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Guide to Being Eight Weeks Pregnant

Pregnancy Image Gallery You may or may not be feeling hungry, but at this point in your pregnancy, there are certain foods you might want to avoid. See more pregnancy pictures.
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Guess what? That little guy is moving in there. But you still won't feel it for a few more weeks.

Enjoy that boost to your looks right now, if you can get your mind off the nausea long enough. Your bra size might be bigger, but your belly is still the same.

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You probably already know to be careful about eating fish and drinking alcohol. As long as you're not really hungry, it's time to think about avoiding some other foods that could contain bacteria as well: herbal teas (they can cause contractions), unwashed produce, meat and eggs that aren't well-cooked, deli meats, and any unpasteurized milk or juice. Let's look at a few more things you can expect during week eight of your pregnancy.

This may be the first week you feel your clothes start to tighten as your breasts and belly expand. You won't be visibly pregnant, but even if you're partial to form-fitting attire, those relaxed fits might find their way to the front of the closet.

You can sort out all that stuff with the wardrobe, of course, if you can stay awake long enough.

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At this point, you're probably tired. Really tired. The baby-making hormones are pulling a number on you. And, of course, all that puking and peeing can take quite a toll.

Your baby is growing! Right now, he's about the size of a raspberry.
Your baby is growing! Right now, he's about the size of a raspberry.
©iStockphoto/Thinkstock

Believe it or not, your baby is the size of a raspberry and is growing at the rate of about 1 millimeter per day. That might not sound like much, but when it's happening every day, it adds up.

The baby's tiny little fingers and toes are forming, and the eyes are developing color. The beginnings of the baby's genitals are there now, but it's still impossible to tell whether it's a boy or a girl just by looking.

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One of the most important developments is that the baby will start to move this week, but he's still too tiny to feel.

One word: Boobs.

Two words: Don't touch.

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So that growth spurt last week has already given you a shape you've never seen, and your partner might be paying extra special attention to you and those expanding body parts. The problem, though, is that they hurt. They really hurt. And they might just be a hands-free zone for at least a few more weeks.

You can think of this as perhaps the first of many ways in which you will become less available in the next few years. But you don't have to tell him about that. Not yet.

Crackers and fruit are great choices for your sensitive stomach at this point in your pregnancy.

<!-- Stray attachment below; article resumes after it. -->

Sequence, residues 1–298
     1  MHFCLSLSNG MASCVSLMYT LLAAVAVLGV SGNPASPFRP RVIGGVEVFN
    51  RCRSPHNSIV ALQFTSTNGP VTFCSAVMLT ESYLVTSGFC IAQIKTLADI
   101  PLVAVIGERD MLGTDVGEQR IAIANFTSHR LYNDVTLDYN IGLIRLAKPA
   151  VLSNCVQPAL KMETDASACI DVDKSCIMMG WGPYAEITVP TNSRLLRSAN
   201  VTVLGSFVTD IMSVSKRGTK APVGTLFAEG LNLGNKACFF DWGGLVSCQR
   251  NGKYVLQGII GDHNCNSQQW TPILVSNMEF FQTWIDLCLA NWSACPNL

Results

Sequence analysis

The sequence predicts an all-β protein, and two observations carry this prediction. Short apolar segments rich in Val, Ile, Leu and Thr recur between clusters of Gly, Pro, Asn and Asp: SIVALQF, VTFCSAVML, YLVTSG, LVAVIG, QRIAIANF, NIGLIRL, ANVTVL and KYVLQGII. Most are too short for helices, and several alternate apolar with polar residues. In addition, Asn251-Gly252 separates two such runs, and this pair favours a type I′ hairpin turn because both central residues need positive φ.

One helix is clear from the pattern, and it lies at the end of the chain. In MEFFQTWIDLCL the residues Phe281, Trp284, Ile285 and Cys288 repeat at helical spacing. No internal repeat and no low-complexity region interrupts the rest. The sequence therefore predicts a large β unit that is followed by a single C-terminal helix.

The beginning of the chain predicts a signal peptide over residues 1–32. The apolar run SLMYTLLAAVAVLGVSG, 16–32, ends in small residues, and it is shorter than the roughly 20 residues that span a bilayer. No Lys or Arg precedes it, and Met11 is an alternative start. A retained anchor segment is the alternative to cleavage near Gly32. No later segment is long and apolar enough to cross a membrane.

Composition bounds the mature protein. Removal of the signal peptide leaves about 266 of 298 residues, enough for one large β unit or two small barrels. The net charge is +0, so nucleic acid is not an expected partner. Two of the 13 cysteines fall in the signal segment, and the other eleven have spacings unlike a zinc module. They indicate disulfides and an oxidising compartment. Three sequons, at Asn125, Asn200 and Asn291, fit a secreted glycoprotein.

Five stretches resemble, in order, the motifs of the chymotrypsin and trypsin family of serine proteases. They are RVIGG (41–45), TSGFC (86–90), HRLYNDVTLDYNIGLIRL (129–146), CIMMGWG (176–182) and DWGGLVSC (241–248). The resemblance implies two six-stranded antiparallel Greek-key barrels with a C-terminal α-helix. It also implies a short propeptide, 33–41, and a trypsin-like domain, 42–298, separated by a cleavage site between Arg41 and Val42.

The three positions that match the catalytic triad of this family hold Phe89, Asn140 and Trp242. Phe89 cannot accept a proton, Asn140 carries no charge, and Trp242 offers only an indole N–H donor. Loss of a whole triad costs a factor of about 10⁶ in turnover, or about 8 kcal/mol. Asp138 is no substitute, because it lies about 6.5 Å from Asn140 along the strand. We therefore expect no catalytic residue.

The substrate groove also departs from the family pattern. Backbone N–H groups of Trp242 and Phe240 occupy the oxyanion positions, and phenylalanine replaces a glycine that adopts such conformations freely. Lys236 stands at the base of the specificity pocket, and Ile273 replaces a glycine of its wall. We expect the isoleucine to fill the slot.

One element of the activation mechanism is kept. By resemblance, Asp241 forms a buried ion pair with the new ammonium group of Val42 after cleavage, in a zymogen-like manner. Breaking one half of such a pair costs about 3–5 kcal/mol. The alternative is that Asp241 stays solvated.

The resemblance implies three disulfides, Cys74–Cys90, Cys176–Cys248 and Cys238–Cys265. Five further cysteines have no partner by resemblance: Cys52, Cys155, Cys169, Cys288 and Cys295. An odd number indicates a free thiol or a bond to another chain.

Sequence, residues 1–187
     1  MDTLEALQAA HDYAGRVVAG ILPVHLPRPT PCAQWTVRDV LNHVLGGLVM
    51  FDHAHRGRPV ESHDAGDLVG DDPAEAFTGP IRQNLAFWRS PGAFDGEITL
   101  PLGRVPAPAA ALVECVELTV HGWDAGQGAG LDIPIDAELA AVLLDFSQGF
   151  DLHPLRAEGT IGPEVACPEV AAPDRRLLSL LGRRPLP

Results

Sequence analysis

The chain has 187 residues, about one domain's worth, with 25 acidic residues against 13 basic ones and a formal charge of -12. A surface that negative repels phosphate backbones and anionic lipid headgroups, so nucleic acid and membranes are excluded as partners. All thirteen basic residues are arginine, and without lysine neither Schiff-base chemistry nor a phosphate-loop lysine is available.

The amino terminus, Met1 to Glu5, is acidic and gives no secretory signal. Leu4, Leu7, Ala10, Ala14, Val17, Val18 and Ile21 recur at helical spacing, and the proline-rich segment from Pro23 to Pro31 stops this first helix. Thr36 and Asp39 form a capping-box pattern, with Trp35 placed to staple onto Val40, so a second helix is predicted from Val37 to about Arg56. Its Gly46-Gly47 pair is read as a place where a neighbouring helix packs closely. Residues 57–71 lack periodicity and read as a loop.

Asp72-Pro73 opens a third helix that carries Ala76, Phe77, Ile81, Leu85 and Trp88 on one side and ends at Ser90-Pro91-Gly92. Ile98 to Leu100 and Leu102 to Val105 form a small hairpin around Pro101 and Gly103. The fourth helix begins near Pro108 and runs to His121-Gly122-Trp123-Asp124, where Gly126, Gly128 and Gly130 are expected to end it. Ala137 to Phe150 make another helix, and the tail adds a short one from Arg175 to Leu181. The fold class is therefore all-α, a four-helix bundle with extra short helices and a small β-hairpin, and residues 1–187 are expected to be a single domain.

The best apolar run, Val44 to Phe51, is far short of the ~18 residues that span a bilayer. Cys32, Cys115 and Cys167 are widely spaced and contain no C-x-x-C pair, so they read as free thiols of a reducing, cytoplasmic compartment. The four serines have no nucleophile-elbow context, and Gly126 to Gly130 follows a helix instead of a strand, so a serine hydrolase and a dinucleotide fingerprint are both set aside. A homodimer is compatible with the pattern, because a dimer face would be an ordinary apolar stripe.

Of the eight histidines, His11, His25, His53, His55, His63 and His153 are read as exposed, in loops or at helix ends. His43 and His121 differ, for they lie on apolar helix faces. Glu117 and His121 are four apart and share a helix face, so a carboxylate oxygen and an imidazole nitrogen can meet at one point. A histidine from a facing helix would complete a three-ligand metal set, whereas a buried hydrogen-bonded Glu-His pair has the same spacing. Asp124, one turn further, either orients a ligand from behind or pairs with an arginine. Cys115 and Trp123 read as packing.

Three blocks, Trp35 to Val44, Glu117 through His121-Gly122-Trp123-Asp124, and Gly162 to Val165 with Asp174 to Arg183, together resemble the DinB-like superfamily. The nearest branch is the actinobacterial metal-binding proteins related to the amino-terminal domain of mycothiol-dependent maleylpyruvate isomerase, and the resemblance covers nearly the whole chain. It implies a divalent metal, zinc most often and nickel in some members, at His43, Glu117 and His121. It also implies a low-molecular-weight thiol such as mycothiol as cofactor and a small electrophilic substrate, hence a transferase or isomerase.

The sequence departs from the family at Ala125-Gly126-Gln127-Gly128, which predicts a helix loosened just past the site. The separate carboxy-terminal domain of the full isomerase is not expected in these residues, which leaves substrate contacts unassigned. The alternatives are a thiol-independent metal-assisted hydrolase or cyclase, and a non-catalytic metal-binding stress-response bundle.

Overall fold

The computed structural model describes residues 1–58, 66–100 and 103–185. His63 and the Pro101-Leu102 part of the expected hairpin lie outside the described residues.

Crackers and fruit are great choices for your sensitive stomach at this point in your pregnancy.
©iStockphoto/Thinkstock

Each week of your pregnancy brings some new considerations, and here are a few for your eighth week:

  • In your quest for friendly food, try some fruit. It has great nutritional qualities, and it doesn't produce those horrible cooking smells.
  • In general, whether it's fruit, crackers or plain noodles, you might want to focus on foods you don't have to cook, at least for a few weeks.
  • You might become light-headed or faint. Your body doesn't have enough blood right now because it's preparing to feed the baby. So be alert to bouts of light-headedness, and prepare to take a rest if the faintness comes on.

Even if you're puking day and night, it's not hurting the baby.

If you can only tolerate a very limited menu, it's OK to eat those items over and over. Some experts recommend products with ginger, such as ginger cookies, to help with nausea. Another suggestion: Take prenatal vitamins with meals rather than on an empty stomach. And keep your portion sizes small.

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The Mayo Clinic Web site recommends that you see a doctor if the vomiting is so severe that you can't keep down water, the vomit contains blood or vomiting causes you to become dizzy and faint.

If you want to try alternative therapies, such as acupuncture, check with your doctor first to be on the safe side.

In general, think of nausea as a good sign. Extensive medical research has shown that women who have morning sickness are less likely to miscarry.

Related Articles

Sources

  • Mayo Clinic. "Fetal development: The first trimester." (Feb. 22, 2011)http://www.mayoclinic.com/health/prenatal-care/PR00112/NSECTIONGROUP=2
  • Nemours. "Pregnancy Calendar: Week 8." (Feb. 19, 2011)http://kidshealth.org/parent/pregnancy_center/pregnancy_calendar/week8.html
  • What to Expect. "Week 8 of Pregnancy." (Feb. 22, 2011)http://www.whattoexpect.com/pregnancy/week-by-week/week-8.aspx

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